Advance Praise for Fire Island Modernist: Horace Gifford and the Architecture of Seduction

“The sophistication, spaciousness, and graciousness of Gifford’s houses of the 1960s and ’70s are a revelation.”

– Terence Riley, architect and curator

“The injustice of Horace Gifford’s early death was compounded by the fact that his important contribution to American domestic architecture of the 1960s and ’70s has been overlooked by history. No one can bring Gifford back, but Rawlins emphatically corrects the second injustice by telling Gifford’s story in this important book, at once a work of architectural and social history.”

– Paul Goldberger, architecture critic, Vanity Fair, and author, Why Architecture Matters

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“Rawlins deftly melds biography, architectural criticism, and social history to provide a rich portrait of Horace Gifford and a vivid explanation of how the architect’s design aesthetic contributed to the formation of modern gay culture. This is a meticulously researched and lavishly illustrated volume that deserves a very wide audience.”

– Charles Kaiser, author, The Gay Metropolis

 

“Finally, a treatise on one of the most important, if overlooked, voices in modern domestic architecture. It is thoughtful and provocative, balancing Gifford’s formal proclivities with his social ones. And it couldn’t be better timed. Gifford’s architecture is simple yet rich. In short, it is a model for the future: sustainable, aspirational, and fun.”

– Charles Renfro, Diller Scofidio + Renfro

“Rawlins’s excellent book follows Gifford’s exploration of modernism’s possibilities, a journey that was both deeply personal and a reflection of his times. He is proof that American modernism wasn’t a single austere style after all; it gave a public voice to a surprising range of communities and ideas.”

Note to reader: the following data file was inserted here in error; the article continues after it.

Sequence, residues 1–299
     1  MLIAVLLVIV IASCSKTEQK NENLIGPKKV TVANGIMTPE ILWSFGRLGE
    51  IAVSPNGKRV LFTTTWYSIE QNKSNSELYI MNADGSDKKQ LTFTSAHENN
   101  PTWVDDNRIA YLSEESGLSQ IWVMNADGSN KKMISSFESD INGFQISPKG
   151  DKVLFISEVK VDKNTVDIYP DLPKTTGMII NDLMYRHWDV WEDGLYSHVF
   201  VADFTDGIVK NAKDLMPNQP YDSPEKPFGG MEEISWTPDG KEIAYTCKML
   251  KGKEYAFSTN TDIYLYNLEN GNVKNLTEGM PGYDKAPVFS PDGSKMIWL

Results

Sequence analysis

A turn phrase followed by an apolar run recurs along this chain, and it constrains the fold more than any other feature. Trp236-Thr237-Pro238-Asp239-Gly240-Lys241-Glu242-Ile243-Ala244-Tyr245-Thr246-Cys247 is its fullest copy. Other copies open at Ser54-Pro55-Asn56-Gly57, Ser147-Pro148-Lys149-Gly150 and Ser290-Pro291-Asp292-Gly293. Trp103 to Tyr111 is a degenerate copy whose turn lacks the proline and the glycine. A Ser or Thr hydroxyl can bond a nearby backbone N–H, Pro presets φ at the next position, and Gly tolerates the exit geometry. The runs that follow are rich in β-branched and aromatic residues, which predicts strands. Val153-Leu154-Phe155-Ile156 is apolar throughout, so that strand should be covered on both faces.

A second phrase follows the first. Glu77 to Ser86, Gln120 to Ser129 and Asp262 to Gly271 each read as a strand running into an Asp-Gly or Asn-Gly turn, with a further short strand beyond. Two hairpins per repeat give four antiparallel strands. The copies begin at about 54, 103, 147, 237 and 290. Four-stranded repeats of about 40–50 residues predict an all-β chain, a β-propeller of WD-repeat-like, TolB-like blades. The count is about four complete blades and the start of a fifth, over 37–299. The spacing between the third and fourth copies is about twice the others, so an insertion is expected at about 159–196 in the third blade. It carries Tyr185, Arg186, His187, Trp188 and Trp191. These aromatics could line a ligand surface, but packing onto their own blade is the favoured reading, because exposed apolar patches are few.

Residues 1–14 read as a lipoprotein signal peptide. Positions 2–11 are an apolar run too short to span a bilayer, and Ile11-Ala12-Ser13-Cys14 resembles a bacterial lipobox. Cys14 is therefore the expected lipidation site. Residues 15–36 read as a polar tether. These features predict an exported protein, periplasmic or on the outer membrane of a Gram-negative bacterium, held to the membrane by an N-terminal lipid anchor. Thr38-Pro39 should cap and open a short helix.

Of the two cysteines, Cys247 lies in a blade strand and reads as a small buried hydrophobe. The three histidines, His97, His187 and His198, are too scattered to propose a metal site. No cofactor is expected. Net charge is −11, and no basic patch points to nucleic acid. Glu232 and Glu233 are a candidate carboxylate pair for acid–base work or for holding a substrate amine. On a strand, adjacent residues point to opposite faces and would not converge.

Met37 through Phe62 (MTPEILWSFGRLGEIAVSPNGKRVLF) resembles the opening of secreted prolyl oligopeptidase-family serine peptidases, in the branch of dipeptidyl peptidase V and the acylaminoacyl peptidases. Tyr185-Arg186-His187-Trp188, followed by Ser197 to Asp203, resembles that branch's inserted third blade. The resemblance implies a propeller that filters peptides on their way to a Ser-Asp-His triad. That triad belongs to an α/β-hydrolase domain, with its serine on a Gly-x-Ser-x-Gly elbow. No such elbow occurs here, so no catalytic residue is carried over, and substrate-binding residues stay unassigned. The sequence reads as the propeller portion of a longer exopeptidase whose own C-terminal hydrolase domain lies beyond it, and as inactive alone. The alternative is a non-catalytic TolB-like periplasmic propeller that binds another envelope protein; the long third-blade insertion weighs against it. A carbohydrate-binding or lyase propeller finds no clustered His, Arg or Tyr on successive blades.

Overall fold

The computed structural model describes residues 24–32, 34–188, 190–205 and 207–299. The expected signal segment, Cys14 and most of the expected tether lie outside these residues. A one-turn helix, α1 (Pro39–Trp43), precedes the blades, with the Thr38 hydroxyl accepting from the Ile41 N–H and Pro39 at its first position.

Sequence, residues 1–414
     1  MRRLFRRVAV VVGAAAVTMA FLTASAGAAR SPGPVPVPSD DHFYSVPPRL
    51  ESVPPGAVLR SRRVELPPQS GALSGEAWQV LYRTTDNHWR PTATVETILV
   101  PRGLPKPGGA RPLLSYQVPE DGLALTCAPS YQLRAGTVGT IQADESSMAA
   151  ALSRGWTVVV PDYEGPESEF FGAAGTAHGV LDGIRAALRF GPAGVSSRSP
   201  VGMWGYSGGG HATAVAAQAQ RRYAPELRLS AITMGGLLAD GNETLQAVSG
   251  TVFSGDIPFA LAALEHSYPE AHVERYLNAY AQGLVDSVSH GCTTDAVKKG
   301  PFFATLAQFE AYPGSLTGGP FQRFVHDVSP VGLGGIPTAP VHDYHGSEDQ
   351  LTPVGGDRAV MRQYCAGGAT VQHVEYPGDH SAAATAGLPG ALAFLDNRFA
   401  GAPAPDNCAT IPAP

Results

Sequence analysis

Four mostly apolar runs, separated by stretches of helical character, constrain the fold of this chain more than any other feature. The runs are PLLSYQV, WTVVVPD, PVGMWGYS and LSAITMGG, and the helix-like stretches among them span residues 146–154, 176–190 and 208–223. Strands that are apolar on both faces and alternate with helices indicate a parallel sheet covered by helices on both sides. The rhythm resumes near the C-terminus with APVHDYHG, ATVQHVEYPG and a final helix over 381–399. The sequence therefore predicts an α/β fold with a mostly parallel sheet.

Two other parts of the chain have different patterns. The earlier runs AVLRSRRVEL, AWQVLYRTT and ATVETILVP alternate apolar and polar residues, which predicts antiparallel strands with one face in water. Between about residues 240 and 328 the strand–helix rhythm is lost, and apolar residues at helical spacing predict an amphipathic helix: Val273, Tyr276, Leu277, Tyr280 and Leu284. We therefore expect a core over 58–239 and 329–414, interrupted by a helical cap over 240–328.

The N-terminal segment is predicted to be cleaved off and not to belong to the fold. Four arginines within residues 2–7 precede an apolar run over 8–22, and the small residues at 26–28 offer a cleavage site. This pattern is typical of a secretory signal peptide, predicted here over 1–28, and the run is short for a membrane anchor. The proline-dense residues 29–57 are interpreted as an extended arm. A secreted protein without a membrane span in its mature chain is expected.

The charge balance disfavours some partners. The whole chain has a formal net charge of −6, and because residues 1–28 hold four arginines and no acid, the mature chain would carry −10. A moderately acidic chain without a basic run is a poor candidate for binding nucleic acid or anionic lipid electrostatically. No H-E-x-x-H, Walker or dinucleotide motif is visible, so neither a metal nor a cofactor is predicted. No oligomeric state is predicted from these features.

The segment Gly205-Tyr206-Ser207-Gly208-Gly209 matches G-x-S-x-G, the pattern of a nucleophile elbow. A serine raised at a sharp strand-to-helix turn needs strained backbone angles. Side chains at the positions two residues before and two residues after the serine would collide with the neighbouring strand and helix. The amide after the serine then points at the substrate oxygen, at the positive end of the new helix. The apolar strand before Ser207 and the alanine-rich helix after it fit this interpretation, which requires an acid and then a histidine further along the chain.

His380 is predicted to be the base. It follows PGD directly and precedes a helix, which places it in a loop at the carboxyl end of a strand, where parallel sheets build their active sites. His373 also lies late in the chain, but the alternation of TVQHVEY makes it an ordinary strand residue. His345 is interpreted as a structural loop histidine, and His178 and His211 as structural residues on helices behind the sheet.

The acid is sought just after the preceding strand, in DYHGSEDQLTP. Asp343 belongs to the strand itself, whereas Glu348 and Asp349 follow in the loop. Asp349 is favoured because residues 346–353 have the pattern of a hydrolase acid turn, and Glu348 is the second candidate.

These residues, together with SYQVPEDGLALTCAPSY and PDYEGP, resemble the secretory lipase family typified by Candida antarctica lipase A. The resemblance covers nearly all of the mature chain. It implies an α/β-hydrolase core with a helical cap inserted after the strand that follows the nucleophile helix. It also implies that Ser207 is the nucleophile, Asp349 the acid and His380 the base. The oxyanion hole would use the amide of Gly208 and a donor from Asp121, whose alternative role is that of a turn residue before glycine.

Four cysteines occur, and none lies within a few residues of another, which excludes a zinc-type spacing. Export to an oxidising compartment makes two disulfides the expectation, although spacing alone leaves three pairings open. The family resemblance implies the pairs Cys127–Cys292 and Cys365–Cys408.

– Alan Hess, author, Julius Shulman: Palm Springs and Oscar Niemeyer Houses

“Here is the moving and enlightening story of an unknown chapter of modernism that flourished on Fire Island at midcentury, especially in the gay community of Fire Island Pines. Rawlins’s compelling account weaves the story of the people and the place with the houses, revealing the many ways in which they were intertwined, and elevates Gifford to his rightful place in the pantheon of great American modernists.”

– Andrea Truppin, editor-in-chief, Modernism magazine

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“Horace Gifford, the subject of this gorgeous book, was taken by the plague, like so many. But Rawlins’s detailed research and beautiful writing resurrects the remarkable life and immense talent of an architect who once told a client, ‘You will now have twenty closets to come out of.’ A great read, beautifully published.”

– Sean Strub, activist and founder, POZ magazine

 

“Tracing Horace Gifford’s path from the beaches of Florida to those of Fire Island, juxtaposing gay sexual liberation with ecological sensibilities, this book is a wide-ranging cultural history. Rawlins conveys the poignancy of Gifford’s life and the exuberant yet simple delight of his architecture.”

– Gwendolyn Wright, professor of architecture, Columbia University; author, USA: Modern Architectures in History; and co-host, History Detectives